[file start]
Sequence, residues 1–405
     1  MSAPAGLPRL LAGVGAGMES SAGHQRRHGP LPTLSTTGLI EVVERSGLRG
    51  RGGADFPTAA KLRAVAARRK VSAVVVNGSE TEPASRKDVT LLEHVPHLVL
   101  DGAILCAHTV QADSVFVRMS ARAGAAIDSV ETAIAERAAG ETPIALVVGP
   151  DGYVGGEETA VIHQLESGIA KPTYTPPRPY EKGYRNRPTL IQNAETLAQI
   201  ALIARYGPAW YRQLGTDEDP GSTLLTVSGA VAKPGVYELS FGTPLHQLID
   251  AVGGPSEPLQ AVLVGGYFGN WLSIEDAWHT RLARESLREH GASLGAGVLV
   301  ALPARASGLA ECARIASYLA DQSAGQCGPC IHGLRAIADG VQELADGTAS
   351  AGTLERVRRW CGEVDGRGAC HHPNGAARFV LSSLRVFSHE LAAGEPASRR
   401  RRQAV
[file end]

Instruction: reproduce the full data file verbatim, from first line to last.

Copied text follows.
Sequence, residues 1–405
     1  MSAPAGLPRL LAGVGAGMES SAGHQRRHGP LPTLSTTGLI EVVERSGLRG
    51  RGGADFPTAA KLRAVAARRK VSAVVVNGSE TEPASRKDVT LLEHVPHLVL
   101  DGAILCAHTV QADSVFVRMS ARAGAAIDSV ETAIAERAAG ETPIALVVGP
   151  DGYVGGEETA VIHQLESGIA KPTYTPPRPY EKGYRNRPTL IQNAETLAQI
   201  ALIARYGPAW YRQLGTDEDP GSTLLTVSGA VAKPGVYELS FGTPLHQLID
   251  AVGGPSEPLQ AVLVGGYFGN WLSIEDAWHT RLARESLREH GASLGAGVLV
   301  ALPARASGLA ECARIASYLA DQSAGQCGPC IHGLRAIADG VQELADGTAS
   351  AGTLERVRRW CGEVDGRGAC HHPNGAARFV LSSLRVFSHE LAAGEPASRR
   401  RRQAV